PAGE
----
Dragon T-34/85 Build Log

UPDATED 12.27 – Weathering Underway

Jump to…


Back before the move, I spent about a month pushing a series of tanks across the bench. Each of these was built up to the painting stage, then packed away. Now that I’ve got Bench Mk.II up and running, I can start taking these into painting and weathering.

First up, Dragon’s T-34/85.

You can read my initial impressions of the kit HERE, and follow the main construction HERE.

Before I packed it away for the move, I built the T-34/85 pretty much to completion.

Now…it’s time to make it green.

Prepping for Paint – 12.4.11

While I was priming the Tamiya Fw 190A-3, I decided to go ahead and prime the T-34 as well. The main tank was done up with Model Master enamel primer, while the tracks were primed with Rustoleum Automotive primer in a rattlecan.

Next, the tracks were attacked with Vallejo Track Primer. This is my first time using Friuls and NOT using Blacken-It. So far, not too bad, and I think these’ll look great after successive washes and pigments and whatnot.

The final step prior to throwing green – spraying the tank with Model Master Flat Black for shading. I’ve always loved this step of the armor process – tanks look absolutely mean in black.

Painting – 12.5.11

A little over a year ago, I gave White Ensign enamels a try on two Soviet VVS fighters – Zvezda’s Lavochkin La-5 and Eduard’s Yakovlev Yak-3. It was a decidedly mixed experience. The colors were absolutely amazing, especially the AMT-4 green on the La-5. But drying times were long, spray patterns were sloppier than I’d like, and the stuff doesn’t reduce anywhere near as well as Tamiya or Testors paints.

Still, I’ve decided to give it another go with another Soviet subject, since I have two tins of WEM’s 4BO Green sitting around. The paint seemed to mix up better than I remember, and is every bit as vibrant as the other shades I’ve tried.

Here’s the first coat, intentionally light and uneven.

You can also see the tracks, painted with Vallejo track primer, a dirty brown/gray that looks just about perfect.

12.13.11 Update – I’ve been dragging a bit on the T-34 the past few days, a combination of limited bench time, a preoccupation with painting the Fw 190A-3, and realizing I’ve misplaced the kit’s decal sheet. I’ve ordered some Archer dry transfers, and they should get here later this week.

In the meantime, I’ve applied a second coat of White Ensign 4BO Green, repinned the Friul tracks, and done a general test-fit:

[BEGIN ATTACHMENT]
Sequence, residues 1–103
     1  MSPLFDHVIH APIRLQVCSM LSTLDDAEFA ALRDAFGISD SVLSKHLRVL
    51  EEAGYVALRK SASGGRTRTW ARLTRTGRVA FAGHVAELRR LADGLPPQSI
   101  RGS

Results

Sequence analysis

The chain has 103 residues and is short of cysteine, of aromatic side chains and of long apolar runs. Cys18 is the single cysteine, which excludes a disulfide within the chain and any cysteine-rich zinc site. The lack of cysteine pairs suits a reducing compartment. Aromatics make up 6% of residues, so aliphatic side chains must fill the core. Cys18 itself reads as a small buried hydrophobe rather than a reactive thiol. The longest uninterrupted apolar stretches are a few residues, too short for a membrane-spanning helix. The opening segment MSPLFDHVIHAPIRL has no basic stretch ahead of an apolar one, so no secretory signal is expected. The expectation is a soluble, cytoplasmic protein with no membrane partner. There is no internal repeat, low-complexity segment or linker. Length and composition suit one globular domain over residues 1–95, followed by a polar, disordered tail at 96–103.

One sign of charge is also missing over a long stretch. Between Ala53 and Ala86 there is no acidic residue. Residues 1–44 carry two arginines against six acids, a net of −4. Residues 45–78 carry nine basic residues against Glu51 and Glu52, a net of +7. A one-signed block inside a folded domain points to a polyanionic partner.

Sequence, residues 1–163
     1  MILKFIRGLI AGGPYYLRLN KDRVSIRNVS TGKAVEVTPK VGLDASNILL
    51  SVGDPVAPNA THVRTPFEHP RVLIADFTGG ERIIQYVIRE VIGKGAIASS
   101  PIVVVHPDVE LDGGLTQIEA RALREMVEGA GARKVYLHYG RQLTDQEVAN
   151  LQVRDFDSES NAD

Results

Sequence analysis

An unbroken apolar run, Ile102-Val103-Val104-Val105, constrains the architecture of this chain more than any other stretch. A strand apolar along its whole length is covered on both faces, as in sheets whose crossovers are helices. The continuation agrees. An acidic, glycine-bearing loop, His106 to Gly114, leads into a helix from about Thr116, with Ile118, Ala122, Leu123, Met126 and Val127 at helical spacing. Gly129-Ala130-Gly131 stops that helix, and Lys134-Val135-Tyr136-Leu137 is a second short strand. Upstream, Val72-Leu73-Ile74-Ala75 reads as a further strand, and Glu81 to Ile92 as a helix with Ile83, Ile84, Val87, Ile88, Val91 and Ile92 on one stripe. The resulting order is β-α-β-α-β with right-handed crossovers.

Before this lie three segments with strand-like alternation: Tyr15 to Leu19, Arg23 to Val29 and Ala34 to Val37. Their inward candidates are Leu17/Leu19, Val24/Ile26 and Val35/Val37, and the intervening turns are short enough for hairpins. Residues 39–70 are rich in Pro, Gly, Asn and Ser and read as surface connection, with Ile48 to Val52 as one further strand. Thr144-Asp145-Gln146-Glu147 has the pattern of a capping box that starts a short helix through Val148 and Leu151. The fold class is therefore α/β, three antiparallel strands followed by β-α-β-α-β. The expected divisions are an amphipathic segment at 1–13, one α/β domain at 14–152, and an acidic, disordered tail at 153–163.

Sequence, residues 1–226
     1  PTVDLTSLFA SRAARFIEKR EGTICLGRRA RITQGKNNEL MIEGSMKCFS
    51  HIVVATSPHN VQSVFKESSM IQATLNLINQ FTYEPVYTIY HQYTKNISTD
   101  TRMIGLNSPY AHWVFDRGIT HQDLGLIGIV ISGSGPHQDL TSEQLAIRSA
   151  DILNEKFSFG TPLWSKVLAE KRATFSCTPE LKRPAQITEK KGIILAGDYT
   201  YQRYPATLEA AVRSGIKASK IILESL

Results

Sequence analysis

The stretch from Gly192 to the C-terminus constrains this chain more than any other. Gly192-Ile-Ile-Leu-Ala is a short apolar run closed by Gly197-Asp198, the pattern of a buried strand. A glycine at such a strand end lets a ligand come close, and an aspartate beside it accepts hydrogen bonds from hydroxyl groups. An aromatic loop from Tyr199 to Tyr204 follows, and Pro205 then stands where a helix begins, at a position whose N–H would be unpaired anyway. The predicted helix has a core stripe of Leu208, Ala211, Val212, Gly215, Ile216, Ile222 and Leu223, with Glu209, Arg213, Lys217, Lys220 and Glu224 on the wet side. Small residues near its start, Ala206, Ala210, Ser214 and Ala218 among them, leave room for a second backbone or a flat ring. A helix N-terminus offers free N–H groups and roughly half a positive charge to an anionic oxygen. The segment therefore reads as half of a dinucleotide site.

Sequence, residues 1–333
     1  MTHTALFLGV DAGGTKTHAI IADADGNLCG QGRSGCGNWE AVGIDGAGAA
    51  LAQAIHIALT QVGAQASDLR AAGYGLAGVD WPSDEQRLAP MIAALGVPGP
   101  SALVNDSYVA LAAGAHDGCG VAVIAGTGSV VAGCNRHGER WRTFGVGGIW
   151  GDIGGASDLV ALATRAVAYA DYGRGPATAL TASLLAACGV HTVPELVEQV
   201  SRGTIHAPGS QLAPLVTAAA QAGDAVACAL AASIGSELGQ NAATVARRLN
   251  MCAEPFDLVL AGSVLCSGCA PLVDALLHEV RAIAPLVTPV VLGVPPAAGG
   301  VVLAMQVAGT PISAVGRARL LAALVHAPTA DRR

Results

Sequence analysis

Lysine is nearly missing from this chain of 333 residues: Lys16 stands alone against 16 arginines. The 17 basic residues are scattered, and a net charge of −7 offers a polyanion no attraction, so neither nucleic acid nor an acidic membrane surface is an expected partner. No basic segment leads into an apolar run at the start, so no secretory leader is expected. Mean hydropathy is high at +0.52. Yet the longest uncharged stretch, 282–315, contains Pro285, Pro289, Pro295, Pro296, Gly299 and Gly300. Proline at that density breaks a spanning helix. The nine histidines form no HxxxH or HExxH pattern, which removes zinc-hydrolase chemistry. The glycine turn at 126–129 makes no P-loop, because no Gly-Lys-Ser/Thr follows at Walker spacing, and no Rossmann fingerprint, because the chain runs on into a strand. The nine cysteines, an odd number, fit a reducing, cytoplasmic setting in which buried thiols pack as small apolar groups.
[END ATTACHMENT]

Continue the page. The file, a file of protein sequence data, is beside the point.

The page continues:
I’m not entirely sold on WEM’s 4BO Green. It seems far too light compared to the extant pictures. And I’ve found that the tracks were  a VERY tight fight this time around. I wonder if maybe they’ve contracted with the cooler weather?

Markings – 12.25.11

It’s been a while since the last update. Between business travel, the craziness of the holiday season, and focusing on getting the Fw 190A-3 finished up, I haven’t been devoting tons of time to the T-34.

Late last week, the Archer transfers arrived, and earlier this week, they went on. T-34s carried a minimum of markings, so applying these took all of fifteen minutes. LOVE these things. For armor, they’re perfect. No carrier film, and the dry transfer process makes it easy to really burnish them down into the surface textures.

Once the transfers were on, the T-34 got a nice coat of Vallejo Matte Varnish.

Weathering

Phase One – Oils

Weathering the T-34 started with a light drybrushing of Model Master Dunkelgrau, followed by a filter wash of Raw Umber artist oils to the hull, turret, tracks and wheels. This was followed up by some dot filtering and modulation using a variety of oils – green, yellow ochre, payne’s gray, raw umber, burnt sienna and transparent white.

Phase Two – Streaks and Pigments – 12.27.11

With the oil work done, I pulled out MIG’s “Rain Marks” and applied it to the turret sides, barrel and sloped hull surfaces using an Aqualon Wisp in an up-and-down streaking motion. Over a few coats, it leaves thin trails of dust and a slight gloss effect that looks like, well, rain marks.

These were followed by applying some “mud” using a mix of MIG pigments, acrylic resin, and some gritty mud scooped from the empty lot next door. This was topped with my favorite pigment, Russian Earth. The tracks and wheels were also treated to pigmentation with Dark Mud and Russian Earth.

Leave a Reply

Fill in your details below or click an icon to log in:

WordPress.com Logo

You are commenting using your WordPress.com account. Log Out / Change )

Twitter picture

You are commenting using your Twitter account. Log Out / Change )

Facebook photo

You are commenting using your Facebook account. Log Out / Change )

Google+ photo

You are commenting using your Google+ account. Log Out / Change )

Connecting to %s